I still do not have a conclusion for my technology matter. It seems I am going round in circles, both counciously trying to get out of the technology trap (I like your term ‘trap’ Patrick) at the same time fascinated by the options these digital era gives me. And to give you an insider view, potential virtual workshop participants seem to prefer to use their own technology (they also develop cool things in their countries, you know?). So I wrote to my colleagues on Facebook, Twitter, Ning, Orkut, MySpace, Skype and Messenger (have I forgotten anything?) and asked for their help; I asked them to suggest me some interesting virtual learning environments and social networking websites that could make great mediation tools to our virtual workshops, something they would like to use. Some of them sent me some total unfamiliar (to me of course), really  cool stuff they say, something we could never do without, all open source…. I must try them out… mustn’t I?

I need an aggregator, now I got it! I finally got the inspiration I was after, it only took me a blog post and it came my way. I am off to look for one now. Hum? The virtual workshops? The OER stuff? I think they can wait a little longer, I have something more important to do right now…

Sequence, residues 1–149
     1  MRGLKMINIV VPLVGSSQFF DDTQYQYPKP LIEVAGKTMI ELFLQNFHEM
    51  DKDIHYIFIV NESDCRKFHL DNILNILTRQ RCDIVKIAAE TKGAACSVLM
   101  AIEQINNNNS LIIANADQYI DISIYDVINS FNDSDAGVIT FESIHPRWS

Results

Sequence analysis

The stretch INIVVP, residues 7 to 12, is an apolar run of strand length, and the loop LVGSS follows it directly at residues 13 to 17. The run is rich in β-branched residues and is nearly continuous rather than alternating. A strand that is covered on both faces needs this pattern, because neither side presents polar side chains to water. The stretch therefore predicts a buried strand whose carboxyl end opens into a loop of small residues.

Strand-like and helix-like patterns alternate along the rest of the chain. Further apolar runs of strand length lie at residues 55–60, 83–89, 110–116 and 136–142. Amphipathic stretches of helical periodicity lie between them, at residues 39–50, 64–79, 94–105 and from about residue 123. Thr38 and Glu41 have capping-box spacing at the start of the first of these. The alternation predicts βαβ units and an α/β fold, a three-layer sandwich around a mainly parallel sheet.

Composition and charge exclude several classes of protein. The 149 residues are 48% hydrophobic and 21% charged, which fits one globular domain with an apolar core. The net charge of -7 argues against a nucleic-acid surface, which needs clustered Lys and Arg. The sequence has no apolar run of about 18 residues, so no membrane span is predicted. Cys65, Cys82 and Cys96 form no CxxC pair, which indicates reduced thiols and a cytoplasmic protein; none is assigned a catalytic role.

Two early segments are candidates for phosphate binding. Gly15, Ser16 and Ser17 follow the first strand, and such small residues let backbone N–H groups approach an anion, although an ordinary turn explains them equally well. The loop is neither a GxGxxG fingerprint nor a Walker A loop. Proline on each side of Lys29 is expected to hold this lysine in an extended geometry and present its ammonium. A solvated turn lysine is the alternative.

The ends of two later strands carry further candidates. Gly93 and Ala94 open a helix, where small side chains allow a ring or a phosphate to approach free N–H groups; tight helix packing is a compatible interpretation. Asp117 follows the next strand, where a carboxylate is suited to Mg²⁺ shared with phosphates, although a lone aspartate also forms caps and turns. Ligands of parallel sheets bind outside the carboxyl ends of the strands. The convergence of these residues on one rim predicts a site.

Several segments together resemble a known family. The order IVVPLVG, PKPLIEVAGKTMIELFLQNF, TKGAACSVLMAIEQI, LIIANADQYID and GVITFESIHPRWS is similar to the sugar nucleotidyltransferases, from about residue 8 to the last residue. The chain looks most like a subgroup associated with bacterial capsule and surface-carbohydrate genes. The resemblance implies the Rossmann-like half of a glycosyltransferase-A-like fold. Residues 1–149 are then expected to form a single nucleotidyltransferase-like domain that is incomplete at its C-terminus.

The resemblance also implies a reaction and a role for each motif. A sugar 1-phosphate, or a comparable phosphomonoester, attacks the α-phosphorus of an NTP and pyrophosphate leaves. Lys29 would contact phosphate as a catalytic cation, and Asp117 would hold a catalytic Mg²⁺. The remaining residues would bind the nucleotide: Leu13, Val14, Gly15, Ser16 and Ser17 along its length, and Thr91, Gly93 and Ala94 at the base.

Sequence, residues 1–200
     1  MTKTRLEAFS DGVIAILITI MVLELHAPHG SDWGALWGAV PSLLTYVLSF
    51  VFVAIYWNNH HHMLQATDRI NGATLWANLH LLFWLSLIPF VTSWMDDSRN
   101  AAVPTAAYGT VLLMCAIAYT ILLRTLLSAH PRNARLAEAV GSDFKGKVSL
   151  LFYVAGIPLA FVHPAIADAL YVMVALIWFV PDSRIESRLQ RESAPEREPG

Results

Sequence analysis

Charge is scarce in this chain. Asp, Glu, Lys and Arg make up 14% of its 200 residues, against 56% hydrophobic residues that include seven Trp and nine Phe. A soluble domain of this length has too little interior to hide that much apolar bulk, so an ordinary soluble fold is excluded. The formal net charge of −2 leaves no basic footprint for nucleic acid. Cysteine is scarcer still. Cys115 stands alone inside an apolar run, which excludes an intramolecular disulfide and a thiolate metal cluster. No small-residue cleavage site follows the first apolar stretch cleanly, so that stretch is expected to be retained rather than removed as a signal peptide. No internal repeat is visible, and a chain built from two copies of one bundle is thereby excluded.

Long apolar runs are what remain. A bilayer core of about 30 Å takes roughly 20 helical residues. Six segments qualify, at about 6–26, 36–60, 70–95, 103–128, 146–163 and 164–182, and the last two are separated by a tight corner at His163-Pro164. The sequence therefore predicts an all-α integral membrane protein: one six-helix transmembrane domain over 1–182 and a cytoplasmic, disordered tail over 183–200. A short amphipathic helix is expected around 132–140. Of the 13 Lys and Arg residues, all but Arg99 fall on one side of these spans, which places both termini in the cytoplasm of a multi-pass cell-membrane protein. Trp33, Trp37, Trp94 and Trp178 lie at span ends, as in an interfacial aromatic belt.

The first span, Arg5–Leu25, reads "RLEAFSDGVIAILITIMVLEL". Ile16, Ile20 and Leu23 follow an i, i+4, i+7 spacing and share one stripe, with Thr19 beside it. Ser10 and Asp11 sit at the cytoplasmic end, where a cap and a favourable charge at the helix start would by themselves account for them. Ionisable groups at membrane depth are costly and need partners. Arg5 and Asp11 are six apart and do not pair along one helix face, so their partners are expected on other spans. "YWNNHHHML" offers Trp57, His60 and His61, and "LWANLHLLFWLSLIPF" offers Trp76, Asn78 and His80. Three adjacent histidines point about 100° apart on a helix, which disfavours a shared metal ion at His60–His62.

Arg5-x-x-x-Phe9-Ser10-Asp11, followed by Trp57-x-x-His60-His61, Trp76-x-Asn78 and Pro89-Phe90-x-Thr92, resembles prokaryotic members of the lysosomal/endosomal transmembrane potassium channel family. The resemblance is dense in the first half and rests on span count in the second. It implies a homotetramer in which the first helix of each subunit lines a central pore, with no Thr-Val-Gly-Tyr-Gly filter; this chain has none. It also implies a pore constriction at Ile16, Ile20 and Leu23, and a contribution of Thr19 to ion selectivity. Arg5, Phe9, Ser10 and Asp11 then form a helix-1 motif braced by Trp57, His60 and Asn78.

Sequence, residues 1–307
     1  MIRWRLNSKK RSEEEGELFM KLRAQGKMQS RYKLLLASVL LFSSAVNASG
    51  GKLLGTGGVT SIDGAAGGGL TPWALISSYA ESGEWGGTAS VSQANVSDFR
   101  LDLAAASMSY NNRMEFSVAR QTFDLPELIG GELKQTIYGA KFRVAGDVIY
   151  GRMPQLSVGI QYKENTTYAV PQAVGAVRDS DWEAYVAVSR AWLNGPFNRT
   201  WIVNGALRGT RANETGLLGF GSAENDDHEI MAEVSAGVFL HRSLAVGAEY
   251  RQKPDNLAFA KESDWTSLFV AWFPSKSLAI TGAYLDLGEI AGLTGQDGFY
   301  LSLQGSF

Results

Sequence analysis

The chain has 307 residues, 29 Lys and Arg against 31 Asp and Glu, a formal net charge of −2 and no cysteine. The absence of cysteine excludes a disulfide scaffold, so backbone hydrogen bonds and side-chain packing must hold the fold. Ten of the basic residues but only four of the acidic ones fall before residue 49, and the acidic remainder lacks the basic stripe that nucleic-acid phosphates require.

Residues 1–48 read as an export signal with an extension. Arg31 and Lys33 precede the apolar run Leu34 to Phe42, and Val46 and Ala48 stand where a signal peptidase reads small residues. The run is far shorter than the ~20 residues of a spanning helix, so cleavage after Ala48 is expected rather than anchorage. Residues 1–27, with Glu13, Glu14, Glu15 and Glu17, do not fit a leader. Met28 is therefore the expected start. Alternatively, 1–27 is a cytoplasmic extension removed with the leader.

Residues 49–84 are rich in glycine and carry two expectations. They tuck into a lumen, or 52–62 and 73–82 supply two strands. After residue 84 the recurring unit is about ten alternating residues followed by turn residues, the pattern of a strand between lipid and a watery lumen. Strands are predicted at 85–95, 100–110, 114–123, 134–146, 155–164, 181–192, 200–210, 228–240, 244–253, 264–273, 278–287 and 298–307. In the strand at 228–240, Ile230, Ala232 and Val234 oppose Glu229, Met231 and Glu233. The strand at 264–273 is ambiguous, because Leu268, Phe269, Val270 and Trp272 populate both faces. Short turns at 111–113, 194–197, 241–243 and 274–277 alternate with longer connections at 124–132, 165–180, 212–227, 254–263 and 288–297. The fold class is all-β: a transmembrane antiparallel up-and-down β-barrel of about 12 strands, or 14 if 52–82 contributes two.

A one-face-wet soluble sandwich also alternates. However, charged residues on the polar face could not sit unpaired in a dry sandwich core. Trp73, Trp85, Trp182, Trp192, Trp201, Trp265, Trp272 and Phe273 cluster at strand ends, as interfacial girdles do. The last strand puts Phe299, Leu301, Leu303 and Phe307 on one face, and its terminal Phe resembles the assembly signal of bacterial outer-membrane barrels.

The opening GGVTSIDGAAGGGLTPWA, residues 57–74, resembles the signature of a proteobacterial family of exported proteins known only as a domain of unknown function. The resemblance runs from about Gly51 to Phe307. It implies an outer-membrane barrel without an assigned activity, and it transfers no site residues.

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Live blog post, 3pm

continued form previous post:

1) Models of technology:

All projects use a pool of technologies: social networking (e.g. Facebook, Ning, Cloudworks), repositories (OpenLearn, slideshare, flickr), mapping software (e.g. Compendium, Cohere).

2) Models of learning:

Common to all projects: an attempt to blend formal and informal learning;

Discussed: the individual and social dimension; structure and unstructured materials.

3) Models of community:

Various foci: content, social interactions etc. How do these things characterize different types of interactions between learners, how does leadership happen in these spaces? 

Common to the projects: personalisation, content-focus, forums, openness. The concept of the collective, learning design (as a community)

4) Models of design:

Different models of design and how these projects can be placed in these models:

4 types of design model: 

1) configuration and re-configuration design (creating new patterns from existing ones) LDI, SocialLearn, OpenLearn

2) Inspirational design (Creativity): OLnet, VirtualMphil

3) Effective design (for particular requirements):  VirtualMphil, TERGU, Atelier-D

4) Collaborative design & Cooperative design (teams of people doing things): OLnet, Atelier-D

We will continue the conversation at Ning/Cloudworks. Cloudworks is open to the public view. Photos of the day are available at OLnetChannel on Flickr.